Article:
6. Our nixed systems also exhibit divergent population policies. India,elatively free society, democratic politicalixed market and planned economy,ritical population problem foreneration continues to behave as if its population problem were newly found and of little consequence either to the people or to the government. India's halting economic growth has so little exceeded population growth that the vast majority of the population has seen no progress whatever. Yet there has been no concerted effort either to modify the economic model or to lower the population growth rate.

The Republic of Korea has achieved rapid economic growth, and also hasoncerted effort to reduce its rapid rate of population growth. This program has brought the population growth rate from more thaner year in theo less thanoday. Yet the main constituents of South Korea's population control effort have been adopted by several other nations without visible effect, suggesting that economic phenomena are at least equally responsible for its apparent success in population control.

Generalization on the value of economic models for national development is dangerous. Over the past generation in which interest in economic development has been particularlyew generalizations suggest themselves. Marxist-Leninist models have been most successful in nationsonsiderable natural resourceand ateminal industrial capability. They have done rather poorly when installed inmore modern, complex economies. China has had to greatly modify the operation, although not the structure of the Marxist-Leninist model in order to achieve development. This has beenin spite of low per capita increases and

without substantial foreign aid. While building the modern sector, the Chinese have alsoigh priority to the utilization of rural labor* Mixed economic modelseavy dependence on the market system have been particularly effective in highly populated regions where the non-human resource base was inferior* Mixed systems tend to work best when government seeks to assure aviable private sector as well as developing infrastructure and sometimes basic industry* Those that have used governmental intervention toor weaken the private sector have beenunsuccessful.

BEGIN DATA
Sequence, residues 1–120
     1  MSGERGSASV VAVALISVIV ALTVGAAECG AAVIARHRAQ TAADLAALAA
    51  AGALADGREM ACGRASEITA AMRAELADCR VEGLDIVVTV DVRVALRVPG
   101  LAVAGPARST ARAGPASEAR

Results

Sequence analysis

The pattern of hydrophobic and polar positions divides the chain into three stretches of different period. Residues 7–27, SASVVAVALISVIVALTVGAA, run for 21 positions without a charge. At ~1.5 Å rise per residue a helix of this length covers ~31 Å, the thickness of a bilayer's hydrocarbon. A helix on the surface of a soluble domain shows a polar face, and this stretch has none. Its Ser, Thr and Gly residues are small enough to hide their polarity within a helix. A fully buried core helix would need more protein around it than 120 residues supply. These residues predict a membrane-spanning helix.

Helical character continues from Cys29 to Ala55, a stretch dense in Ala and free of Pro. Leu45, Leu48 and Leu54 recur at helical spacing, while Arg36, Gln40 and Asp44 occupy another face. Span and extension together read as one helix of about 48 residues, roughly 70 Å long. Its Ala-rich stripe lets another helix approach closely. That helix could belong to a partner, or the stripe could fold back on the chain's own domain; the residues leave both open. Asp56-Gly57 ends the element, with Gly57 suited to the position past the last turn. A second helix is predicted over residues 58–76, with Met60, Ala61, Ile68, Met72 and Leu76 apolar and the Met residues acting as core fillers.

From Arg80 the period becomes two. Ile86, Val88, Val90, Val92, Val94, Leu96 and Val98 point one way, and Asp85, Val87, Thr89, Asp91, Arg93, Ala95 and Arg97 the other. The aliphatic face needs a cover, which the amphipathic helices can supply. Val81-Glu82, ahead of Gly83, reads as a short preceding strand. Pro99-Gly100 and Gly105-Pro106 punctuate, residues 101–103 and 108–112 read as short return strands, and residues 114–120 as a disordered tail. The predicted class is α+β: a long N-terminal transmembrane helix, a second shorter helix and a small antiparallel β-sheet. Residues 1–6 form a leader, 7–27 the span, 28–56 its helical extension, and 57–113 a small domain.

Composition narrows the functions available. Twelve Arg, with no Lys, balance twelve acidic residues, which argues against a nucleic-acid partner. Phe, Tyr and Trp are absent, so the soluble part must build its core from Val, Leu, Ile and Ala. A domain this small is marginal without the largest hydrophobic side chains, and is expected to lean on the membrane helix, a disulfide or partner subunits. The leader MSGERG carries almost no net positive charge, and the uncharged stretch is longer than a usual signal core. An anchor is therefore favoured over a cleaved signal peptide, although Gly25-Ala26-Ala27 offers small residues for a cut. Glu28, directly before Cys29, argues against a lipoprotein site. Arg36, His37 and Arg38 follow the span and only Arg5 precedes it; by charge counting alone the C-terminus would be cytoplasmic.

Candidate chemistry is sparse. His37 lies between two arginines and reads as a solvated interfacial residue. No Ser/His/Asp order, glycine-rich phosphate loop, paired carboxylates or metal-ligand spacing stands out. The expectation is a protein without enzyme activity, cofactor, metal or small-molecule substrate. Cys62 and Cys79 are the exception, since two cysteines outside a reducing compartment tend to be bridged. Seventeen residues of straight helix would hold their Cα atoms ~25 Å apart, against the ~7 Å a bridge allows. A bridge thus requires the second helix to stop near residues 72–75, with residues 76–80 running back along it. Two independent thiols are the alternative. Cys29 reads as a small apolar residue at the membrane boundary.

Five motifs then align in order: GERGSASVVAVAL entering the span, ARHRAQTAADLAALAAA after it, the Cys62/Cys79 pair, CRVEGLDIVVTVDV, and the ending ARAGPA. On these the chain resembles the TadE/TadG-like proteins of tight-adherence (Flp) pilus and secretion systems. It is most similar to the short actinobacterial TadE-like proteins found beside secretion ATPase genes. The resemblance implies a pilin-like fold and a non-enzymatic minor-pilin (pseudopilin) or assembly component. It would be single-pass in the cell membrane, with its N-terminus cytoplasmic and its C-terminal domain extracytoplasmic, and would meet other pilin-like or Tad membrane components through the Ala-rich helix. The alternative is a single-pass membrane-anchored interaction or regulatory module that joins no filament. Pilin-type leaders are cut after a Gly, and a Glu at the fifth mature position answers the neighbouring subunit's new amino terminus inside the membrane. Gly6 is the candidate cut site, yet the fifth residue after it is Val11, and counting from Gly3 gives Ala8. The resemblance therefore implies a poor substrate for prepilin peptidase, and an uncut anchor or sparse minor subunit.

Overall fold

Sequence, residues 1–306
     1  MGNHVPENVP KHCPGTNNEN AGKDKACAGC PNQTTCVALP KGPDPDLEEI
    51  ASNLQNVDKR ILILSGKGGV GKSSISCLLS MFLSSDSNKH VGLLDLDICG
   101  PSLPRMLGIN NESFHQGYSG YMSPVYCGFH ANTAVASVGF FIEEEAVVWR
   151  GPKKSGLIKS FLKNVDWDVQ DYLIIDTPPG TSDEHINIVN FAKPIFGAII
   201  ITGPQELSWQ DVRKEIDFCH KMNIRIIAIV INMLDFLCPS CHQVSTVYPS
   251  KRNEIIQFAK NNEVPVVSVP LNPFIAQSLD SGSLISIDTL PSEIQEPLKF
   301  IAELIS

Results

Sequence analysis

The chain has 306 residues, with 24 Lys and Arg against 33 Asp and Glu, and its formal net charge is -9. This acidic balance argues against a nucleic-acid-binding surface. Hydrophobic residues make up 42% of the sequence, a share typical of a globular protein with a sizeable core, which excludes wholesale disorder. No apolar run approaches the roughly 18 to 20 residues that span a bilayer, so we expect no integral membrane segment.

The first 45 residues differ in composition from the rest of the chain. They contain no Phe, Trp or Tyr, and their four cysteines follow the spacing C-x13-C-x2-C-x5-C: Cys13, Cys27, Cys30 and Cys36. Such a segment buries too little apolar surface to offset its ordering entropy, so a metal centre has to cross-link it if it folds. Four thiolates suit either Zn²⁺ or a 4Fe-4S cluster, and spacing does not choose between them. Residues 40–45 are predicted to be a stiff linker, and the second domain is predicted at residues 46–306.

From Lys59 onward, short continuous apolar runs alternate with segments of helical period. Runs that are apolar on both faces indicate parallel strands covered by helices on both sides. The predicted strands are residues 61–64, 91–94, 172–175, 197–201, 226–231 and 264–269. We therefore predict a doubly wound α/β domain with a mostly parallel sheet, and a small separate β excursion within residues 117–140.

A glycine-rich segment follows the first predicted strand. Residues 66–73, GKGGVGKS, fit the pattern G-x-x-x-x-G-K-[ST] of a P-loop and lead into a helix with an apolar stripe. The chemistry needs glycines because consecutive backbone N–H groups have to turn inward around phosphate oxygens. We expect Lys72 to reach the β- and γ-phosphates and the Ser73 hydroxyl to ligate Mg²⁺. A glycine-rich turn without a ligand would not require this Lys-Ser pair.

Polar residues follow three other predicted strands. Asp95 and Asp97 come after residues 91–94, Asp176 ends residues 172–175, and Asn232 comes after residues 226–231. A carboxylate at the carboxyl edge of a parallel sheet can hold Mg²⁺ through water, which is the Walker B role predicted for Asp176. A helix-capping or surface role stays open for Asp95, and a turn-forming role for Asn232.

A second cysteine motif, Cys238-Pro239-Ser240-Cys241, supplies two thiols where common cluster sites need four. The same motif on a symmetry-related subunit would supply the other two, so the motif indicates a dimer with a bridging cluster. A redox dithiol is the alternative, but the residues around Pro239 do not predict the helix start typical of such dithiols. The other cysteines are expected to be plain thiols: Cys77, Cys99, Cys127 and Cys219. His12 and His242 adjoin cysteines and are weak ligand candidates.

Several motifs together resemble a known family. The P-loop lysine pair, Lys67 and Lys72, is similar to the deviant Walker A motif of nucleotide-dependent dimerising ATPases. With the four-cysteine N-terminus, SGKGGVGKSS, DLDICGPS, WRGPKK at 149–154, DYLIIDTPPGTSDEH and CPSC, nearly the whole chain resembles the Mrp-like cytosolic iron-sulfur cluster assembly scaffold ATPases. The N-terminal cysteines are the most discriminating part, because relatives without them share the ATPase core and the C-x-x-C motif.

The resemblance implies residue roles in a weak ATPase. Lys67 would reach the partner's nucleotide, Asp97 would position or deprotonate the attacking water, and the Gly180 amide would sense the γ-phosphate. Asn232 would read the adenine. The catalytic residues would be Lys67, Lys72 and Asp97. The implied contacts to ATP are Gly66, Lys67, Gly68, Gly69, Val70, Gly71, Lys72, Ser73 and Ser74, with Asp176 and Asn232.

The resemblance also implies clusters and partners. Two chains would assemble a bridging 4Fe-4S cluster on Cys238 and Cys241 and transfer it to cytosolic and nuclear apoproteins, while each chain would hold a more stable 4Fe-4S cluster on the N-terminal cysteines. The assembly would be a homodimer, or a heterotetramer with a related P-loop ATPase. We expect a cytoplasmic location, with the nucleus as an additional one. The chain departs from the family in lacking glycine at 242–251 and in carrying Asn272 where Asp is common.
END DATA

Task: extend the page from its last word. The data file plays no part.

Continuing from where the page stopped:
9* One major development we expect over the next quarter century is the increasing politici-zation of international economicovernments will play an increasing role inmarkets and transactions. Theof this trend in the efforts of then the United Nations, the Arab oil boycotts, and recent efforts to develop bilateral deals for oil isarbinger of what may come.

ussr

16. In the Soviet development model,decisions are made by administrative fiat instead ofsignals. The characteristic institutions of the model include collectivized agriculture, public ownership of all industrial

enterprises and retail stores as well asand communication facilities, and central planningombination of administrative and market mechanisms. Tho institutions are controlled by the Communist Party.

17. The basic objective of Soviet policy has been rapid economic development. At the core of Soviet growth strategy has been:igh rate of investment in physical and human the concentration of investment resources in sectors that produce capital goods for further growth, he use of capital-intensive(borrowed in large part from the West) in favored sectors, while labor-intensive methods aro used in ancillary processes, nvestment in agriculture just large enough to allow this sector to provide the population with an adequate diet and industry"with raw materials and workers, an international trade policy featuring import substitutionthat is, capital goods are imported in exchange for traditional exports until thecapital can bo used to insure self-sufficiency. In its development the USSR has thus followed the path of brute forcedependingast-growing

labor force in the non-agricultural sectors and especially on large increments in fixed capital.

recently has the USSR begun tostrategy. Tailing investment returnsrates of population growth have forcedto try to switch from an extensive

to an intensive modelthat is, to pay moreto improvements in efficiencyource of economic growth.

USSR has compiled an impressive The Soviet economy is now thein the world;9 the growthGNP has exceeded that of the Unitedthis century and the long-run growth ofcountries. But the model hasas being wasteful and inefficient. efficiencythe rate at whichover timehas been less than thatand most West European countries in theyears. In addition, the model's staticmeasured by the level of output percombined capital and laboris quite lowwith other developed countries. Thesacrificed consumer welfare to the demandsdevelopment of heavy industry. Thus far.